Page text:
As ever with Harrison, there is sex, there is body horror, there is profundity. And isn't that what British SF is all about?
Help other customers find the most helpful reviews 
Was this review helpful to you? Yes No


1 of 1 people found the following review helpful
4.0 out of 5 stars "He was so frail you could see the drink on its way into him, percolating from vein to vein.", 26 Nov. 2012
By 
Eileen Shaw "Kokoschka's_cat" (Leeds, England) - See all my reviews
(TOP 1000 REVIEWER)    (REAL NAME)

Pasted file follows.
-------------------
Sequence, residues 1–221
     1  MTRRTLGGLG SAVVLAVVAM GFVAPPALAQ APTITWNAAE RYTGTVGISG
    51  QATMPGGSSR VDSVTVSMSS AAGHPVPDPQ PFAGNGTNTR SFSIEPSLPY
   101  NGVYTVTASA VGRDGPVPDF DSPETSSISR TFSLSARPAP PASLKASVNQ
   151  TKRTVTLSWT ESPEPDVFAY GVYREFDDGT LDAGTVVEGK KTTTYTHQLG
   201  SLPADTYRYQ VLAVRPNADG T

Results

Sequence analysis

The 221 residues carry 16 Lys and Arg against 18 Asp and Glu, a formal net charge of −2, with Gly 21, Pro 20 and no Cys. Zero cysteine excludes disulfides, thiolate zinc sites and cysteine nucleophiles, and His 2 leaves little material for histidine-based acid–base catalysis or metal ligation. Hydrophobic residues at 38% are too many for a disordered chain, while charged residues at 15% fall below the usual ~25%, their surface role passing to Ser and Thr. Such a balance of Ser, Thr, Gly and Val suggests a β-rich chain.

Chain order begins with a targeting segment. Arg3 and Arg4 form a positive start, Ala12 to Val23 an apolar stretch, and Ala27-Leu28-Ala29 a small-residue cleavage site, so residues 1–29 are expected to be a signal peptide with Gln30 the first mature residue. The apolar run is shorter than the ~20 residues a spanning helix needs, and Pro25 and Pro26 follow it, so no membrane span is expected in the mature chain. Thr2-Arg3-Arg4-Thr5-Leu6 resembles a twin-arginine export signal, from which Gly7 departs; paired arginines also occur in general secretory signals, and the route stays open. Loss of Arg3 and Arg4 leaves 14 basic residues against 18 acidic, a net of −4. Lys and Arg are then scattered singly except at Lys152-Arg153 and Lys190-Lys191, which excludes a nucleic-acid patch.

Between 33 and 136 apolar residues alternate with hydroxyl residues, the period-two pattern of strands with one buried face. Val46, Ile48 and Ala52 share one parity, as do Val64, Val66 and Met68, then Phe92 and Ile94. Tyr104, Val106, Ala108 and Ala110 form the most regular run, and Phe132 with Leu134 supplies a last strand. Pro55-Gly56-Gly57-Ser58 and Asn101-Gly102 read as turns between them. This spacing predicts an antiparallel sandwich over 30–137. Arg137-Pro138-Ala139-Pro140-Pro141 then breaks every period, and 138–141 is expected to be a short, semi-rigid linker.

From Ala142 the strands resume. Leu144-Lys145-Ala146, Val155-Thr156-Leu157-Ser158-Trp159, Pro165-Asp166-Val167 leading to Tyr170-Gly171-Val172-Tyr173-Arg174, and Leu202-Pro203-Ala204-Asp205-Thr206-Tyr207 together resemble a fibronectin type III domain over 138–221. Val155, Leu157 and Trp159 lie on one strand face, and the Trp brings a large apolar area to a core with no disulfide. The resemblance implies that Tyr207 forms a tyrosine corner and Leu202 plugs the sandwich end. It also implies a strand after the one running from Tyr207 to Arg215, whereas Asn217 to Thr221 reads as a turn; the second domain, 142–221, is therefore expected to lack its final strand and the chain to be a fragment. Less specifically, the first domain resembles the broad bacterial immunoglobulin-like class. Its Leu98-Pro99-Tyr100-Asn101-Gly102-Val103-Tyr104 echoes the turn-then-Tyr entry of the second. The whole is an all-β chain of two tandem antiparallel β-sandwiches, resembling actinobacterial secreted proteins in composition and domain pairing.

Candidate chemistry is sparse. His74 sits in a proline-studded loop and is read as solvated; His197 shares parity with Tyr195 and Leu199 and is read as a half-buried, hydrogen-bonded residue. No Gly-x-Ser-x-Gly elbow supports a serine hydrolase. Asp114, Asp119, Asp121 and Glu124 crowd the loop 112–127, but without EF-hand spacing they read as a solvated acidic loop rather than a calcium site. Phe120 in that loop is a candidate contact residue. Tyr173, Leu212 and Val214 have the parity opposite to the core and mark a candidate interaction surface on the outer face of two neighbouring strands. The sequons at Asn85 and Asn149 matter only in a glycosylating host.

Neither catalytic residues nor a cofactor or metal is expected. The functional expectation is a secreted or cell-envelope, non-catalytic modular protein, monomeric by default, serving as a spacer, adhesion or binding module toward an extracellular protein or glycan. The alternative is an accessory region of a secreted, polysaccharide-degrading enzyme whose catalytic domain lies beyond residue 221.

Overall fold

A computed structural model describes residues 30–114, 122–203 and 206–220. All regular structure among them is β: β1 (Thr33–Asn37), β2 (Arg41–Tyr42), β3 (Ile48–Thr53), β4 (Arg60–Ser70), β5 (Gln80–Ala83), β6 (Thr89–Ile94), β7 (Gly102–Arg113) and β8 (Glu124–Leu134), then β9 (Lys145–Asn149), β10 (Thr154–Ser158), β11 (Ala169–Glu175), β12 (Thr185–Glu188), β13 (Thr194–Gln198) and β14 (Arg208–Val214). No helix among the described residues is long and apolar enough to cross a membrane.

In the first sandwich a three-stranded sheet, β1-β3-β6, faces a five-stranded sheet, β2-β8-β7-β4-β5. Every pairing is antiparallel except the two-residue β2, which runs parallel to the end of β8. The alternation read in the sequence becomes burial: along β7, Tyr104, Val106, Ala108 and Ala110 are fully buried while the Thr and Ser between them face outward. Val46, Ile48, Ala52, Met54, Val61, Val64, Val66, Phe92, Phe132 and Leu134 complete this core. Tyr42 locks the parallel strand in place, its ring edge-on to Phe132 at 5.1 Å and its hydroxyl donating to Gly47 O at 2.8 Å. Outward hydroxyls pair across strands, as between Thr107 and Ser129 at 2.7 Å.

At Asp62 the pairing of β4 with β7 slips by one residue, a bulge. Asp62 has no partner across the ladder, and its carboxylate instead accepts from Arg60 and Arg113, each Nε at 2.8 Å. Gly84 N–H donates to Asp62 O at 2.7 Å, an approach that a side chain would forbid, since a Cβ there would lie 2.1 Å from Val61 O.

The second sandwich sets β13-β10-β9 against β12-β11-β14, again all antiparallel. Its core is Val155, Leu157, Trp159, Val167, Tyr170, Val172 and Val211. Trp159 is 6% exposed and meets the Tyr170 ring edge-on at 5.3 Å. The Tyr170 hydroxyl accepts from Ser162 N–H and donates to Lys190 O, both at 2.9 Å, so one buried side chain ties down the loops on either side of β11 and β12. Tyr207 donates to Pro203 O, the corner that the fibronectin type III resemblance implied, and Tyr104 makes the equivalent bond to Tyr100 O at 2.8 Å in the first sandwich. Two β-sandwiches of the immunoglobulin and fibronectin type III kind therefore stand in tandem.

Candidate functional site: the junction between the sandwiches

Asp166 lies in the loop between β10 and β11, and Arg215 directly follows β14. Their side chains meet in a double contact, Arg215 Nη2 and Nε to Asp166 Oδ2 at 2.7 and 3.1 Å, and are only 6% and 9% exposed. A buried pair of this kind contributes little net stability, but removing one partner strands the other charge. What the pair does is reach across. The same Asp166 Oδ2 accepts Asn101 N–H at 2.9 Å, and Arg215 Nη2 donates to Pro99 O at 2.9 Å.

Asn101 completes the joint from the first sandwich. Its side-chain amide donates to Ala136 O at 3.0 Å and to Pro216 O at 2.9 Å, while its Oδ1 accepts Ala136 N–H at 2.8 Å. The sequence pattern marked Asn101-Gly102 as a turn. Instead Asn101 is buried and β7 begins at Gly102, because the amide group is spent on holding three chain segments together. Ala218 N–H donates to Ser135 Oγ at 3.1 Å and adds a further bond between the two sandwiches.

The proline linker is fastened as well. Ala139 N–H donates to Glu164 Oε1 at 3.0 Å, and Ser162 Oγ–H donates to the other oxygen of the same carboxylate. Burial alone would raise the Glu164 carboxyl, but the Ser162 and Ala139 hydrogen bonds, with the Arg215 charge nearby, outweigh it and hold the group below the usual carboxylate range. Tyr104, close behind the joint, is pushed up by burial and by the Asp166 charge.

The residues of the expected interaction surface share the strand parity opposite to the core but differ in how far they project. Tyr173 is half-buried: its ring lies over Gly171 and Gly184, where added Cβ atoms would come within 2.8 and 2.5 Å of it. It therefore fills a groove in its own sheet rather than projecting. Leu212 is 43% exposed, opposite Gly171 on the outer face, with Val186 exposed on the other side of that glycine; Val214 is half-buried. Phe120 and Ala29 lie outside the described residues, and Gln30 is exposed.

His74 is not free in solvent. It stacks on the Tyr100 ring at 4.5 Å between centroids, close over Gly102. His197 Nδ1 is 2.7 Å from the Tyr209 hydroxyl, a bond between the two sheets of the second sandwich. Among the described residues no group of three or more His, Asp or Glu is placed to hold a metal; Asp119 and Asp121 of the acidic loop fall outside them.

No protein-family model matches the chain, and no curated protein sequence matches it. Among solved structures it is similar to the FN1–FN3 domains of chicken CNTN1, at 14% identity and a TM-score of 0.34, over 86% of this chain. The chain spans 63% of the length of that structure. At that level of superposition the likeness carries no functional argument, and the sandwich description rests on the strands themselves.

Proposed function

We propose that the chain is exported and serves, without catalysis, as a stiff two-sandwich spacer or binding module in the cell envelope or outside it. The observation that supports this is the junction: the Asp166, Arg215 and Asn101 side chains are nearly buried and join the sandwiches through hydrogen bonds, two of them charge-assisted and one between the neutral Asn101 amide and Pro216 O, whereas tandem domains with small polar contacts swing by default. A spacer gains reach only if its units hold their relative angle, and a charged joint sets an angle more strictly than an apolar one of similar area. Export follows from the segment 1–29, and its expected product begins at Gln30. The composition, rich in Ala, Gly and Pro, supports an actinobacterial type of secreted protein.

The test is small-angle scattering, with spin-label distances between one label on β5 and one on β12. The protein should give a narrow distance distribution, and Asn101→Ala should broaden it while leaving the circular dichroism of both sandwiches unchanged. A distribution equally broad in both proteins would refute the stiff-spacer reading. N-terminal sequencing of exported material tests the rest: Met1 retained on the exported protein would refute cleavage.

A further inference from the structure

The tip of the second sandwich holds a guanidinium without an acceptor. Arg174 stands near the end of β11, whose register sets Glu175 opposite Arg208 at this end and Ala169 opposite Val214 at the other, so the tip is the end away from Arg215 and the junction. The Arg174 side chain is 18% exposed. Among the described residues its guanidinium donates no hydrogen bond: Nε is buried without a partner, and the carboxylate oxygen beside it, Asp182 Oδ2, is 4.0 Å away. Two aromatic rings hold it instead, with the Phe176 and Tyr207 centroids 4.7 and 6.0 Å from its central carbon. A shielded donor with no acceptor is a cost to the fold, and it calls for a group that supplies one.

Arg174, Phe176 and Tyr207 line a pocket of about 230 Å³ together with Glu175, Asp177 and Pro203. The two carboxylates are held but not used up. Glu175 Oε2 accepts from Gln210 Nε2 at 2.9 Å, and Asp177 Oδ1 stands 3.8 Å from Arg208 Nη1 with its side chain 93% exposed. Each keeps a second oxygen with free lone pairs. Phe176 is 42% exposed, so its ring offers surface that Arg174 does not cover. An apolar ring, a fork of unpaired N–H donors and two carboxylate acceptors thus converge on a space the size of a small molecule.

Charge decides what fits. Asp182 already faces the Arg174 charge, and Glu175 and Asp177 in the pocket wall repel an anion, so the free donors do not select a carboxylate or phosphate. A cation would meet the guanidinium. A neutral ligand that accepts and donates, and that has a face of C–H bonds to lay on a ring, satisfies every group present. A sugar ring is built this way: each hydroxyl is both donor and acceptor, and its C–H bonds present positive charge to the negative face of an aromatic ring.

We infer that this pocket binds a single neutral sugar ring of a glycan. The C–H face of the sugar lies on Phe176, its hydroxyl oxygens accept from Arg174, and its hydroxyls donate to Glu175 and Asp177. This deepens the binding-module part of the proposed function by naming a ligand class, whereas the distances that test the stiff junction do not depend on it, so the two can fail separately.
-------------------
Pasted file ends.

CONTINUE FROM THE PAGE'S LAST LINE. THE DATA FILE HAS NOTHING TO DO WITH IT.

M John Harrison throws the reader in at the deep end. His prose is thick and shapely - a positive smorgasboard of impressions are thrown down and it does take time to orient oneself, almost as if one has entered the aureole of the event this novel represents. Let me throw a few minimal moments your way: born on Scienza Nova, Vic Serotonin is a kind of travel agent. In Saudade where he lives, and where the Kefahuchi Tract fell to the surface, a shifting, unstable, kind of place as you might call it, though you'd be wrong. Vic, if you want him to, can get you there. Just entering the event's aureaole might mean you are caught within something strange that makes you feel different. Many of Saudade's inhabitants ignore the event. Some of them are, apparently, arriving on Saudade through the event. This is not legal, but it's hard to prove anything. A Site Crime has been commited, it seems, and more than one person is ready to finger Vic Serotonin.